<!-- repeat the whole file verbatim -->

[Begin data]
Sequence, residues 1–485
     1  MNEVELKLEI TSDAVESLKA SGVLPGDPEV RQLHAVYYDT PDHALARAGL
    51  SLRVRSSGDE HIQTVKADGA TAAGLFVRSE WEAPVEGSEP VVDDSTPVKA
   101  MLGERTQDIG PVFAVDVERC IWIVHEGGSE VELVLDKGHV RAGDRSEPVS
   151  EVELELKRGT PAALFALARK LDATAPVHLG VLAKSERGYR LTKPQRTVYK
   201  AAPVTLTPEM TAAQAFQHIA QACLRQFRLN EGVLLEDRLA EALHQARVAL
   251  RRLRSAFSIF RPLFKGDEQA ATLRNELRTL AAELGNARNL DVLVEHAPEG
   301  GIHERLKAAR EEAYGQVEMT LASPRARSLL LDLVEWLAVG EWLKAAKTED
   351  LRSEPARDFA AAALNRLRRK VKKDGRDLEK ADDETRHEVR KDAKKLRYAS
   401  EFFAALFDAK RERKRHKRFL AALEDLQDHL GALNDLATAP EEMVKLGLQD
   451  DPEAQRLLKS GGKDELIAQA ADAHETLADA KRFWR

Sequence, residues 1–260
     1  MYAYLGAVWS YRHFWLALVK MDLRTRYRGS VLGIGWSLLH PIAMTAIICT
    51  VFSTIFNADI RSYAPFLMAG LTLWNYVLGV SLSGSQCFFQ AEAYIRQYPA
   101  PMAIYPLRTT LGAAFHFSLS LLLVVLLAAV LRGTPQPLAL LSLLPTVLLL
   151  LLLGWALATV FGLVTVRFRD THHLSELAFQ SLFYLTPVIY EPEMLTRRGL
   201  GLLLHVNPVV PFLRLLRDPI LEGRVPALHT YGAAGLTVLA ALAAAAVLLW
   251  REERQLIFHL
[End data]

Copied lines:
Sequence, residues 1–485
     1  MNEVELKLEI TSDAVESLKA SGVLPGDPEV RQLHAVYYDT PDHALARAGL
    51  SLRVRSSGDE HIQTVKADGA TAAGLFVRSE WEAPVEGSEP VVDDSTPVKA
   101  MLGERTQDIG PVFAVDVERC IWIVHEGGSE VELVLDKGHV RAGDRSEPVS
   151  EVELELKRGT PAALFALARK LDATAPVHLG VLAKSERGYR LTKPQRTVYK
   201  AAPVTLTPEM TAAQAFQHIA QACLRQFRLN EGVLLEDRLA EALHQARVAL
   251  RRLRSAFSIF RPLFKGDEQA ATLRNELRTL AAELGNARNL DVLVEHAPEG
   301  GIHERLKAAR EEAYGQVEMT LASPRARSLL LDLVEWLAVG EWLKAAKTED
   351  LRSEPARDFA AAALNRLRRK VKKDGRDLEK ADDETRHEVR KDAKKLRYAS
   401  EFFAALFDAK RERKRHKRFL AALEDLQDHL GALNDLATAP EEMVKLGLQD
   451  DPEAQRLLKS GGKDELIAQA ADAHETLADA KRFWR

Sequence, residues 1–260
     1  MYAYLGAVWS YRHFWLALVK MDLRTRYRGS VLGIGWSLLH PIAMTAIICT
    51  VFSTIFNADI RSYAPFLMAG LTLWNYVLGV SLSGSQCFFQ AEAYIRQYPA
   101  PMAIYPLRTT LGAAFHFSLS LLLVVLLAAV LRGTPQPLAL LSLLPTVLLL
   151  LLLGWALATV FGLVTVRFRD THHLSELAFQ SLFYLTPVIY EPEMLTRRGL
   201  GLLLHVNPVV PFLRLLRDPI LEGRVPALHT YGAAGLTVLA ALAAAAVLLW
   251  REERQLIFHL